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5 Yoga Pose Variations For Students With Practice-Limiting Conditions From An Instructor With MS

Yoga instructor Morgan Greenwood offers students who might have practice-limiting conditions 5 yoga pose variations that can provide them the same benefits of traditional yoga poses with slight modifications. As an instructor living with MS, she shares her knowledge on practice modifications, what to stay away from, and how to have an encouraging, fulfilling yoga practice. 

Whether you are in your first or fifteenth year of teaching yoga, you know the sweet exhaustion and exhilaration that comes from a class well-taught. When your training, your sequence, and your cues are all flowing. When, from start to savasana, you were fully prepared to deliver a careful and compassionate experience. 

And, regardless of your years of teaching experience, you are probably also familiar with the moments that, despite your training, you feel wholly unequipped for. For instance, when your students come to class with conditions that may significantly impact their practice. It's in these moments that we, as instructors, have the privilege and responsibility to create an inclusive and supportive environment.

Prioritizing student safety while respecting their personal space and privacy is a delicate balance. It’s a task that can be as intimidating as it is rewarding. 

Sometimes we know exactly how to offer a student more comfort. The right words. The right prop. The right variation of an asana. Other times, in true yoga instructor style, we “mellow panic” as we rack our brains for a solution to a body history we have never encountered before.  

In this article, I'll be sharing five specific variations that I have found helpful in my beginner yoga class where students often try yoga for the first time because they are dealing with a quality of life-impacting condition. From vertigo to numbness and tingling, here are a few potential options to help your students in practice.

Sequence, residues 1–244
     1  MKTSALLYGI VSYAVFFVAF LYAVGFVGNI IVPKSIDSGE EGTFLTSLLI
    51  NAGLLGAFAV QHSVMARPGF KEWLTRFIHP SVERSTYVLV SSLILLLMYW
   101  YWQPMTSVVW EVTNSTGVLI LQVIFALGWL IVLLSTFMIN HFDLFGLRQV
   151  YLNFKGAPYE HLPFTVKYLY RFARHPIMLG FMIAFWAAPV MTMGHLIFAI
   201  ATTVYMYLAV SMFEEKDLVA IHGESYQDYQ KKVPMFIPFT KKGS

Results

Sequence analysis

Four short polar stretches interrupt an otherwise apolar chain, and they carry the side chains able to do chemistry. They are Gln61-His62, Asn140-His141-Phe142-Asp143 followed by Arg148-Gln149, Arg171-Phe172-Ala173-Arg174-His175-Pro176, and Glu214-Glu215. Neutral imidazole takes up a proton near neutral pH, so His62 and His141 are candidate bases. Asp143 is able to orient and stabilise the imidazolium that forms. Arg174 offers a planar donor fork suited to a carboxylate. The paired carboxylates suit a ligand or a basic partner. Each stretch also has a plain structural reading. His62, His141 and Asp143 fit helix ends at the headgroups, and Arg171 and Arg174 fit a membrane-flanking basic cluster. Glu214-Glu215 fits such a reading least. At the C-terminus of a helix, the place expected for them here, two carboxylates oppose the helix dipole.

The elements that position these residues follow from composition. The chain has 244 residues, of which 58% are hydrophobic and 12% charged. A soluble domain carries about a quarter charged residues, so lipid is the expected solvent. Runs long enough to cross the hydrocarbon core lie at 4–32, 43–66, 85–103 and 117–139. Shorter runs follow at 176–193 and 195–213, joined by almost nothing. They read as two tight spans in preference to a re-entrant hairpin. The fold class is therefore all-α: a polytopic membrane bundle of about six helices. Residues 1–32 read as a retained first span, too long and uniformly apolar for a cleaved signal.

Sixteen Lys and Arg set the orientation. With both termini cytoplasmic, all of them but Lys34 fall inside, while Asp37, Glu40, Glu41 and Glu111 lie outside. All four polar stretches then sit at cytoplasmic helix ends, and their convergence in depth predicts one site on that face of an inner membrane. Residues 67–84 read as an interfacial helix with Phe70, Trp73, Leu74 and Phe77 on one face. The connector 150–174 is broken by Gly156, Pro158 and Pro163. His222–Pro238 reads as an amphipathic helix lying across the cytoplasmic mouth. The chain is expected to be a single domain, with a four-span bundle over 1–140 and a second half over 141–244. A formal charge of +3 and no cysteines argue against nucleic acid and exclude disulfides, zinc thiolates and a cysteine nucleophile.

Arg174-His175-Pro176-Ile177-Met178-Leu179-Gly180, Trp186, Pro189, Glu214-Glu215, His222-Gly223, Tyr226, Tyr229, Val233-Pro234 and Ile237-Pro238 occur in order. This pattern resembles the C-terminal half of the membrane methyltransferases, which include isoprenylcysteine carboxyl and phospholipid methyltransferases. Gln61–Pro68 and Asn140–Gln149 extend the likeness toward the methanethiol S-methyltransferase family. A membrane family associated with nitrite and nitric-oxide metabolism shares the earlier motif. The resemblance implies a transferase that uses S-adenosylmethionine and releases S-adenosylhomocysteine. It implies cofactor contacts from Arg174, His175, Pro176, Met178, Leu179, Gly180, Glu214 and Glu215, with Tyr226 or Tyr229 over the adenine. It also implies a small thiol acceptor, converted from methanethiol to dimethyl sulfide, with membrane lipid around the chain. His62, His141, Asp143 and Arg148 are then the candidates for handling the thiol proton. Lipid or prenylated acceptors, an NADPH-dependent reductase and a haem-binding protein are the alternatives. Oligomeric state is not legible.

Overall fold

KEY TAKEAWAYS:

  • Sweet Exhaustion and Exhilaration: Teaching yoga, regardless of experience level, brings a mix of exhaustion and exhilaration when classes flow smoothly from start to savasana, delivering a compassionate experience.
  • Inclusivity and Support: As instructors, it's vital to create an inclusive and supportive environment, especially when students come with conditions that may affect their practice.
  • Balancing Safety and Privacy: Prioritizing student safety while respecting their privacy is crucial and requires a delicate balance.
  • Adaptability: Being able to adapt sequences and cues based on individual needs and conditions is essential for effective teaching.
  • Communication and Observation: Communication with students and keen observation during class help identify conditions or limitations, allowing for appropriate modifications.
  • Specific Modifications: The article provides specific modifications for various conditions, such as vertigo, knee pain, back pain, sensitive wrists, and numbness/tingling.
  • Collaboration: Effective variations often stem from collaboration between instructor and student, fostering a space of mutual support and empowerment.
  • Continuous Learning: Regardless of experience, instructors will encounter new challenges and conditions, highlighting the importance of continuous learning and adaptation in teaching yoga.

5 Yoga Poses for Practice-Limiting Conditions 

Surya Namaskar A (Sun Salutation A) Variation for Vertigo 

Sometimes, even before class starts, students are willing to share insight on injury, illness, or other body history with us. Other times, we make these discoveries only as we observe how a student moves through the class. Perhaps with gentle questioning, we can learn enough to understand what might be happening on our student’s mat.